We have the ability to live up to the billing of having the safest food supply in the world. The question is whether this “Mad Cow” crisis will be the catalyst that finally starts the reform necessary to stop making US consumers ill and to regain the confidence of the World in our food supply.

Yesterday, Joe Mandak of the Associated Press reported in his story Hepatitis plaintiffs want judge to OK lawsuits against Chi-Chi’s, that we have asked the bankruptcy judge to lift the automatic stay to sue the restaurant chain. Lifting the stay will be our first step in accessing the $51 million in liability insurance held by the company but currently protected by bankruptcy proceedings.

As the AP reported:

“We are asking the court to lift the stay so these defendants can be in one courtroom,” said William Marler, one of the attorneys. “We believe that this will allow a jury to determine how this tragedy occurred and how we can prevent it from ever happening again.”

“We not only need to find out who is responsible for the injuries of over 650 people and the deaths of three, but these people need to be compensated for their injuries and loss,” Marler said. “Having the entire chain of distribution of these green onions in one suit will ensure fair compensation for all victims.”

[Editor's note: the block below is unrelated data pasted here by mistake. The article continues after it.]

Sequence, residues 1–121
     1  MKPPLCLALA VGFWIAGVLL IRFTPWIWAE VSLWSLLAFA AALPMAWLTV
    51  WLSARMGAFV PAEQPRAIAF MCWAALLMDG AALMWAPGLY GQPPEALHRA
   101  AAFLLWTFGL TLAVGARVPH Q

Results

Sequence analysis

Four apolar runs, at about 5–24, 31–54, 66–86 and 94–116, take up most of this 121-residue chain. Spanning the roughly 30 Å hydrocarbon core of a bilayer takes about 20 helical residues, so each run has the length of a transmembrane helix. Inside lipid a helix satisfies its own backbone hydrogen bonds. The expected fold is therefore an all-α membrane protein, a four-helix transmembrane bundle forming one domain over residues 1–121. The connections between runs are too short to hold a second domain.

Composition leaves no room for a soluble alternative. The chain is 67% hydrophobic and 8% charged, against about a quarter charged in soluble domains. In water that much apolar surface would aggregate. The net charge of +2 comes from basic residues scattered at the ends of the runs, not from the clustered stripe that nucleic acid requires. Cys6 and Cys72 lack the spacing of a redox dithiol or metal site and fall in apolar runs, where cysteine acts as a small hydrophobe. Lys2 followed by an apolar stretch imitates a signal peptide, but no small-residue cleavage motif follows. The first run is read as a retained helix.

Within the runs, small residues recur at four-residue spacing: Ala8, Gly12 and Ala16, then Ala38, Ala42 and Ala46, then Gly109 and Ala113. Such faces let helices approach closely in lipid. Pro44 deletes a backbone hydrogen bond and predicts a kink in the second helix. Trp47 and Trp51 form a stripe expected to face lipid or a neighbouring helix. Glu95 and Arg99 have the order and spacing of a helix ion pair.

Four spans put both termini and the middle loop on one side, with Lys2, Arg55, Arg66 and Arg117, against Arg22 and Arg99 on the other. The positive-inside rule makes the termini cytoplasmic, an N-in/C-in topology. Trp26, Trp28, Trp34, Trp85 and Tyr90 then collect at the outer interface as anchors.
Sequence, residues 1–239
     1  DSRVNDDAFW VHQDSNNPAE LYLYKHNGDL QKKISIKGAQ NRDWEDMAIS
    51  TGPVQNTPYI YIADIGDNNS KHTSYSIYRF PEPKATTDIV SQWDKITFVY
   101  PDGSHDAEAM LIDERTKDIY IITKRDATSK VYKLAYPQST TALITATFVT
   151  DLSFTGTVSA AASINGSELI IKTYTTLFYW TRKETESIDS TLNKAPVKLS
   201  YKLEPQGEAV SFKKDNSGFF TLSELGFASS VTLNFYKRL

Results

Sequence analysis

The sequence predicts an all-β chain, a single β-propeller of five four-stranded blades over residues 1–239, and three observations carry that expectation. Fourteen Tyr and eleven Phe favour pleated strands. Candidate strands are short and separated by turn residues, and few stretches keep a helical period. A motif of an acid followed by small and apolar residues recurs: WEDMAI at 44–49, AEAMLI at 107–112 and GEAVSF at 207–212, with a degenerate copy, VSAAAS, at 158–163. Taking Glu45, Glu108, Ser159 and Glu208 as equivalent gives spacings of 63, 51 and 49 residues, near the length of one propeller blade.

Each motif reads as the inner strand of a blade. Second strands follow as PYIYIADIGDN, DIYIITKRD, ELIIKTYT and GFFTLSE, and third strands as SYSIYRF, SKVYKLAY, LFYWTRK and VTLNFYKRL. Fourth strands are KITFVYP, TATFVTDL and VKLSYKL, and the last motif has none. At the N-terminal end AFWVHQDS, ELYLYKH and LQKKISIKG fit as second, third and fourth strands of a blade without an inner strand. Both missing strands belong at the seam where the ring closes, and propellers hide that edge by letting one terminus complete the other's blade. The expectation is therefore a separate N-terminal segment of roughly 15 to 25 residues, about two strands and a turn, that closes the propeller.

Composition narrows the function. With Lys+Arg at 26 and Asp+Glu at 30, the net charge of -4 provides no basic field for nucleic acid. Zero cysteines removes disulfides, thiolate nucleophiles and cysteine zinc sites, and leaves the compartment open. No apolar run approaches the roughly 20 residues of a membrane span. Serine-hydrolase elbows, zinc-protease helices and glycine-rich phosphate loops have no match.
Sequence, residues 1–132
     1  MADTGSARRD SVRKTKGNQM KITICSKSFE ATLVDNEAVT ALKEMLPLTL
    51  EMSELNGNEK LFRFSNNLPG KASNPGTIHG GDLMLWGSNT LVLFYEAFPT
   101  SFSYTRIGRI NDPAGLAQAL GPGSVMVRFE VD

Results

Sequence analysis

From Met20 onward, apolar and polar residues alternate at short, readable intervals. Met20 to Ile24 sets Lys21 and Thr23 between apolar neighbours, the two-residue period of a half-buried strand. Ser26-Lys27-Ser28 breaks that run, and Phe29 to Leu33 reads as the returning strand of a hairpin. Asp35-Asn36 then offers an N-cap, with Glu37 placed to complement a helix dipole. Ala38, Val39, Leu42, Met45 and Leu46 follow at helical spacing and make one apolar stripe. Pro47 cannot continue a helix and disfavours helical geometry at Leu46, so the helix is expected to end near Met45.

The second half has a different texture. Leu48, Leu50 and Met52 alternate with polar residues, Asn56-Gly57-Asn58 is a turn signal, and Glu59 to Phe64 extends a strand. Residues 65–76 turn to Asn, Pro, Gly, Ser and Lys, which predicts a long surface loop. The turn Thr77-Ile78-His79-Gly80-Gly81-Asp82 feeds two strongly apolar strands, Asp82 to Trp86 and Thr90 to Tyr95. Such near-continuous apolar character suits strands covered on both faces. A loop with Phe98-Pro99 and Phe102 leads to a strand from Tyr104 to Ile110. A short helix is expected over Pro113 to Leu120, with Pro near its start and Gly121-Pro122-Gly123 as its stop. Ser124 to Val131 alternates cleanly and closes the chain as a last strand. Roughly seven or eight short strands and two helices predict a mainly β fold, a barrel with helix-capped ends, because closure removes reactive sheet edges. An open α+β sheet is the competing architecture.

Idaho state government earned notoriety two years ago when it cut its higher education budget by 10 percent. As draconian as that was, however, Idaho’s college and university system has not seen the reductions that Washington’s has. In the Evergreen State, the cuts have been more gradual, but more relentless.

Too many Washingtonians are unaware of the depth of the wounds left by the budget ax. Too bad they weren’t all in attendance at Washington State University’s mid-year commencement ceremony Saturday.

There, onetime WSU student activist and current Regent Bill Marler leveled with graduates about what state government and voters alike have done to the school and its sister institutions. In Marler’s words, they have “more than turned their back on supporting higher education.”

As they have done that, programs have been curtailed, faculty salaries have slipped in comparison with other schools and student tuition has risen to the point that a higher education is, in Marler’s words, for “only the wealthy, only the privileged few.”

“This is not world class, face to face,” Marler said, in mockery of the slogan WSU adopted a few years back.

It sure isn’t. And the reasons for that are as varied as they are inescapable.
Continue Reading A rare commencement speaker points to failure